Building Foundation and Stairs – “Cob Cottage Company” Natural Building Apprenticeship at Spirit Pine Sanctuary

The house we are building will be a home to a family of four: Mom, Dad and two young boys. The task at hand is to build a solid cob wall around an existing yurt structure and to build an additional room on the side to serve as the parent’s bedroom.

When building with cob, it is best to build along the whole perimeter of the building at once. When cob walls dry, they become a monolith, like one giant house-shaped rock, really! I’ve read about this in “The Hand Sculpted House” book, but I didn’t really comprehend this until I mixed my first batch of cob and made a test brick. Once it dried, neither smashing it nor throwing it affected its brick-ness. No words to describe this phenomenon, only a personal experience of dried cob.

But let’s start at the beginning, and any self-respecting house begins with a solid foundation.

F O U N D A T I O N

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Dry-stone foundation with the first layer of cob – the base of the wall

Step 1 - digging the trench; not an easy task in this super-rocky soil!
Step 1 – digging the foundation trench; not an easy task in this super-rocky soil!
Foundation drainage trench goes all around the future room
Foundation drainage trench goes all around beneath the future room wall
The stony soil dug out of the trench is sifted, and the remaining gravel returned to the trench
The rocky soil dug from the trench is sifted, and the remaining grave isl returned to the trench
Step 2 - filling the trench with gravel
Step 2 – filling the trench with gravel
Step 3 - placing large base stones, the foundation of foundation
Step 3 – placing large base stones on the gravel: the foundation of foundation :)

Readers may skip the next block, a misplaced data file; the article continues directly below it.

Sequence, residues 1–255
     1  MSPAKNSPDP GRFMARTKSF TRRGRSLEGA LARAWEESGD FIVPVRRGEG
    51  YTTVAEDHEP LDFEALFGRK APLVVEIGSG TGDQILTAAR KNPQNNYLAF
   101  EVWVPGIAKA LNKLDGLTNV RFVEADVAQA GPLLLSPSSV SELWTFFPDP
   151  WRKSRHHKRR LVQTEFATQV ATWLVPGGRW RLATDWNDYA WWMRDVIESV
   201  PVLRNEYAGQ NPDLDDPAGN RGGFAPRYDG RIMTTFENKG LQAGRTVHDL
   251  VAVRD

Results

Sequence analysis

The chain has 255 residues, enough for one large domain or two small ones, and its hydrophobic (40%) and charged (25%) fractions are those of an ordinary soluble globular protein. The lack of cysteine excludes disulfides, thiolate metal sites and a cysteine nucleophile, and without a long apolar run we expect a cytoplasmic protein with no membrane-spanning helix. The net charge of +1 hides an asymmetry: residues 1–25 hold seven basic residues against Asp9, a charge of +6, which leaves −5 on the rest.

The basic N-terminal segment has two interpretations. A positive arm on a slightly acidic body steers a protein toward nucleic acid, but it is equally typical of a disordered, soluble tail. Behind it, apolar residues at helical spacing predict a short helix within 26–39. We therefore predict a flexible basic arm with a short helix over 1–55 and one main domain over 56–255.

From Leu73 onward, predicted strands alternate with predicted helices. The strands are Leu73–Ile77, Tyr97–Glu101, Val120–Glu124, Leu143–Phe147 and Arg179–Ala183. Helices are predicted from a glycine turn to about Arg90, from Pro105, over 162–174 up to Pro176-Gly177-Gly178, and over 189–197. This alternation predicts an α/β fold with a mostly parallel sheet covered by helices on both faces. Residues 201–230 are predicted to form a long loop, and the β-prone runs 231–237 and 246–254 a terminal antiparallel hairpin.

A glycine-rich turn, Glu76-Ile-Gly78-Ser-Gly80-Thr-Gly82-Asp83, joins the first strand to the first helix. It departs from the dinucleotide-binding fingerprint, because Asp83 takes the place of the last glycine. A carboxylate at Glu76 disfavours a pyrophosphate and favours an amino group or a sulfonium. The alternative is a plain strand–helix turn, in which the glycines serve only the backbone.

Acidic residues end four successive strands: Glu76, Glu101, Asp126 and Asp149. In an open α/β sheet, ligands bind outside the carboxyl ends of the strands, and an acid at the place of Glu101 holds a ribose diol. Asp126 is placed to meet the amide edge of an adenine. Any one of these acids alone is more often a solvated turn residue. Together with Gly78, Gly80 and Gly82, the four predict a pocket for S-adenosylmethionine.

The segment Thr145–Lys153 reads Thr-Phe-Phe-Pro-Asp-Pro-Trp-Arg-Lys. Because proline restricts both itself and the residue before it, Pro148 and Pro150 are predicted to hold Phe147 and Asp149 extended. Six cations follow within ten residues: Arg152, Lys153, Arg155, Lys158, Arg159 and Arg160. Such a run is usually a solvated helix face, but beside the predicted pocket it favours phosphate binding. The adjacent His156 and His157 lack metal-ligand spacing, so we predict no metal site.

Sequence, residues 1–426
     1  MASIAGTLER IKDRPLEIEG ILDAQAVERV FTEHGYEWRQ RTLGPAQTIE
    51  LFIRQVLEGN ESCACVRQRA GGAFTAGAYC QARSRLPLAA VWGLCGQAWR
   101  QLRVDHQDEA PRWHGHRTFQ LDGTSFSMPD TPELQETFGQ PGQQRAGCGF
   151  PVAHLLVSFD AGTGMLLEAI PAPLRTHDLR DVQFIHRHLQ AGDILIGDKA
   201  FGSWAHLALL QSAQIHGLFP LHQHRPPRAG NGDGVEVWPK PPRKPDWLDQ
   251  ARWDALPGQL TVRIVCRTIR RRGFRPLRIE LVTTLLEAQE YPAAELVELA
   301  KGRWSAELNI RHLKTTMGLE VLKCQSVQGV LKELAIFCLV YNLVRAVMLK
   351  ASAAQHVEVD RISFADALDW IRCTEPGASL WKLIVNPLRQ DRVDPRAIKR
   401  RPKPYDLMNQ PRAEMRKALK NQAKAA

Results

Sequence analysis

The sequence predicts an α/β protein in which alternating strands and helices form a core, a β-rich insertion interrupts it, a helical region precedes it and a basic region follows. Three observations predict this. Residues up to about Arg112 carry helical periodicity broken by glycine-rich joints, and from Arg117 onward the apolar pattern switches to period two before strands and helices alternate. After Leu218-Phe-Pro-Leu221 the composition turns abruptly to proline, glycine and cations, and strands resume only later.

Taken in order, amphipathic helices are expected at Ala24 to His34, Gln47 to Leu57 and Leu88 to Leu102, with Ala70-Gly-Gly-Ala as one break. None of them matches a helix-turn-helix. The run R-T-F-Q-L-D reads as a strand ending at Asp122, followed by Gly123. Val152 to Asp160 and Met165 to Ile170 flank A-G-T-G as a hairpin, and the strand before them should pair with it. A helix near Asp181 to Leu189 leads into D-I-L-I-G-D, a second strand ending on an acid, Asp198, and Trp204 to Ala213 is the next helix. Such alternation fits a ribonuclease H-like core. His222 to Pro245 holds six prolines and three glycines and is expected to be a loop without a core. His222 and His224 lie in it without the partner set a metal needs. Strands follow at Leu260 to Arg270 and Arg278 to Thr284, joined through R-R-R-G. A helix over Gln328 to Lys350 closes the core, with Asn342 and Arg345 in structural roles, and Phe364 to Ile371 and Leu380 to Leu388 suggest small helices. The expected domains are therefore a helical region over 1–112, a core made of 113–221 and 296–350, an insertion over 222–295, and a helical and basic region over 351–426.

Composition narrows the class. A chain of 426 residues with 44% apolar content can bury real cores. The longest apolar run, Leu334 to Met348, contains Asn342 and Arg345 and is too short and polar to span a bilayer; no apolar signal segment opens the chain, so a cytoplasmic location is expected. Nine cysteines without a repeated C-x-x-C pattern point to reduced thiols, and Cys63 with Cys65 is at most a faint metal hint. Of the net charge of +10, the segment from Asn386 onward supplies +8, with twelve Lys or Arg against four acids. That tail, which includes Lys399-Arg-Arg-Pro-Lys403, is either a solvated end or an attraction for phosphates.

Step 4 - dry stacking serpentine stone, collected from surrounding hills, to create the base for the walls
Step 4 – dry stacking serpentine stone, collected from surrounding hills, to create the base for the walls
Levelling the floor (see the strings and ribbon?) and filling it with gravel
Levelling the floor (see the string and ribbon?) and filling it with gravel
Putting first batch of cob on the foundation rock based
Woo hoo, first batch of cob goes on the foundation wall

S T A I R S

Starting the stairs - to be constructed like a puzzle from rocks found on-site
Starting the stairs, which will be constructed from rocks found on-site
Some creative puzzle-making on the stairs
Some creative puzzle-making on the stairs, checking the level to make them flat
Stairs rising out of the ground like mushrooms after the rain :)
Stairs rising out of the ground like mushrooms after the rain :)
Work-in-progress on the stairs
Inside space beneath the steps is filled with gravel (once again, gravel is sifted from the soil dug on-site)
Finished stairs with cob wall base (the plan is to build the walls up to create a protected porch-like space)
Finished stairs with cob wall base (the plan is to build up the walls to create a protected porch-like space)

5 thoughts on “Building Foundation and Stairs – “Cob Cottage Company” Natural Building Apprenticeship at Spirit Pine Sanctuary”

  1. We need cob homes for humanity. Use social networking to make connections and get building/training where we can.

  2. Thanks, Tatyana! I’m thinking about lime mortar actually, all these books i’ve read on cob building made me not liking cement :) but since it’s not very easy to find it here – i’m from Ukraine – there is a chance i will use a cement after all.
    Do you recommend to put something in between the stem wall and cob? Something to stop moisture come up into cob?

  3. Yeah, dry-stacking the stones in a way that locks them in (keyed in) works well (from our experience). The stones have to be place so that when you walk on top of the wall, none of the stones move or wiggle. Then cob walls on top of the stones will press them in even further. Start with largest stones and place smaller ones in-between to lock them in, like puzzle pieces. Best of success to you!

    If you are not fully confident with dry-stacking, you can use cement mortar to secure the stones further.

  4. hello! i’m going to build a cob house myself this summer and i was very much worried about how to make a foundation and stem wall – we don’t want to use urbanite, and the stone we can get is not that of the right geometric form, so i thought i won’t be able to stack them right ans something will go wrong. but as i can see you are not troubled with that and it goes just fine, is it?
    thank you for this post, it gave me the thought that it will be fine with the stone we are going to get! :)

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